You likely know Jason Momoa as Aquaman or Khal Drogo from Game of Thrones. But this week, Momoa found himself playing the role of the former for real in a situation that clearly pissed him off.
That situation, as you may have seen, began last week when two Icelandic fisherman found a Greenland Shark (incidentally, the same type of shark that returns each autumn to the St Lawrence River), caught in their lines.
Rather than untangle the creature, and let it go on its way, the two men cut off the shark’s tale, filmed the incident, and laughed at the shark’s plight like a couple of psychopaths.
That hasn’t gone over terribly well. And Jason Momoa, well, let’s just say Aquaman was quick to reach for his trident.
Jason Momoa Once Majored in Marine Biology
It’s no surprise that Jason Momoa was cast to play Aquaman, protector of the ocean. Before hitting it on big screen, he actually majored in Marine Biology, and is well known for his commitment to the environment.
Sharks in particular are close to his heart. He’s got several shark tattoos, his Hawaiian family crest is a shark, and of course, he’s of Hawaiian culture, which literally worships sharks as gods.
So you can imagine why he lost his shit after watching the video (as many people did). His words, on Instagram: “You will get what the shark got.”
Here’s the post:
View this post on Instagram
And there you are……it sucks to see that you are probably good men friends providers fathers but you fucking did this. Your life will forever change I have never in my life seen something so cruel. Your laugh makes me furious never have I wanted to hurt a human as much as I did when I heard your laugh and what u said. This will change you and hopefully you will save and protect I pray you find redemption. we all make mistakes but what u did was evil PURE EVIL. You will get what that shark got. FUCK YOU j
It’s an understandable reaction and, frankly, I might have done the same thing. And he meant what he said – big time – to the point he named the two men who did the deed and provided links to their Facebook profiles.
That put them in touch with Momoa’s 12.4 million Instagram followers – most, if not all of whom draw a very clear line in the sand when it comes to animal abuse.
Did He Go Too Far?
His actions drew mixed reactions. Many observers were quick to support him. People get bloodthirsty when it comes to hurting animals. Speaking as a diehard animal lover, I completely get that.
Mess with the bull, you get the horns. Or, as in this case, the whole fuckin’ pack.
But he’s also taken heat for his actions. Because in sharing their names, he potentially put their family, friends, and children, if any in front of a whole lot of pissed off people with pitchforks. None of their loved ones took part in the incident. Expose them to millions of folks out for blood and, well, you see where this is going.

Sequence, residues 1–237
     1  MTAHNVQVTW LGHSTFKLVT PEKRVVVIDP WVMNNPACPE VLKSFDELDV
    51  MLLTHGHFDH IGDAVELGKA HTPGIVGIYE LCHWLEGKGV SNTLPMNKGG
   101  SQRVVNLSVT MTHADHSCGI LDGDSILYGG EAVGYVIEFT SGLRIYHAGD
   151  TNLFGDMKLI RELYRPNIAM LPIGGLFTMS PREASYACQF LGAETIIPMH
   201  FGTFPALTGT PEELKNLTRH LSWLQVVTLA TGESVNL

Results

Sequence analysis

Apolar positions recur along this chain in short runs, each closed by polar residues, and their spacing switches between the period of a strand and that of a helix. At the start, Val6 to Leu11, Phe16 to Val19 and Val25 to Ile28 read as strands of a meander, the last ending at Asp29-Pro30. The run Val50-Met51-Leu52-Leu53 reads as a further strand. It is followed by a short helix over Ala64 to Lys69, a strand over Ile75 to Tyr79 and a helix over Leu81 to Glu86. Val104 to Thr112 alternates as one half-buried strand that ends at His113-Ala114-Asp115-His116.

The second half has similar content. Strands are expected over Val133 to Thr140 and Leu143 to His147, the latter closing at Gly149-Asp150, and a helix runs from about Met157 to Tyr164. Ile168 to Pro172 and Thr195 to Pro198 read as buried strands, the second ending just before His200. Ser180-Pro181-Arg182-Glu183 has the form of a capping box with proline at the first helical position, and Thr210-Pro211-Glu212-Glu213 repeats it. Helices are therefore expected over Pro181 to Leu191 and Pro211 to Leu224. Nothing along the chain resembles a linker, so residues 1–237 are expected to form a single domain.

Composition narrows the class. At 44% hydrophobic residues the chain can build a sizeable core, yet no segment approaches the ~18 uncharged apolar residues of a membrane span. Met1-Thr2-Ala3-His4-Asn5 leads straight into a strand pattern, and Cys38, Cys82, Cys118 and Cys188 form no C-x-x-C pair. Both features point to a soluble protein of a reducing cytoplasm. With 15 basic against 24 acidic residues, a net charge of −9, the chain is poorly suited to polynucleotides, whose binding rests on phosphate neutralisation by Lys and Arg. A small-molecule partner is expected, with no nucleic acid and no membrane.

Sharks Need Help
So, why am I writing this post, and what’s Abenaki’s position? There’s a place for celebrity and there’s a time to be mad. Yes, we live in a time of outrage, and at times it gets out of hand. But what if the opposite were true?
50 years ago, the Canadian government killed thousands of basking sharks off the coast of British Columbia. They were sliced open, with huge blades, because fishermen saw them as a nuisance.
Basking sharks, which once swam in the thousands off British Columbia, were virtually eradicated here, with less than 10 sightings in the past 20 years. Their recovery, if it happens, will likely take over 200 years.
We’re Grateful For Jason Momoa
Celebrities have influence. They’re admired, in the spotlight, and followed by millions of fans. They can use that for good purposes or bad.
You’re familiar with many of the latter. But there are plenty of celebrities who use their influence to bring good in this world.
Matt Damon helps children. Bon Jovi builds homes. Angelina Jolie helps those in war-torn countries. And Jason Momoa, well, he’s Aquaman – and not just on film.
Did he go too far? Perhaps. But he did so because he gives a flyin’ fig about the ocean and the creatures within it. That’s not an excuse to put others in danger. But it is reason to be mad, step up, and make a statement that some things are sacred.
About 100 million sharks are killed yearly – 75 million of which have their fins hacked off and are thrown back in the ocean to die a horrible death. The late Rob Stewart brought that to light. Now folks are getting on board and spreading the word: we need sharks, for the oceans they manage and the planet they sustain.
And for that, we shout out to Jason Momoa: Aquaman, Instagram star, imperfect, influential and not-so-quiet eye on our oceans, who has a voice, and clearly is not afraid to use it. Aquaman, real or not, has a place in 2019.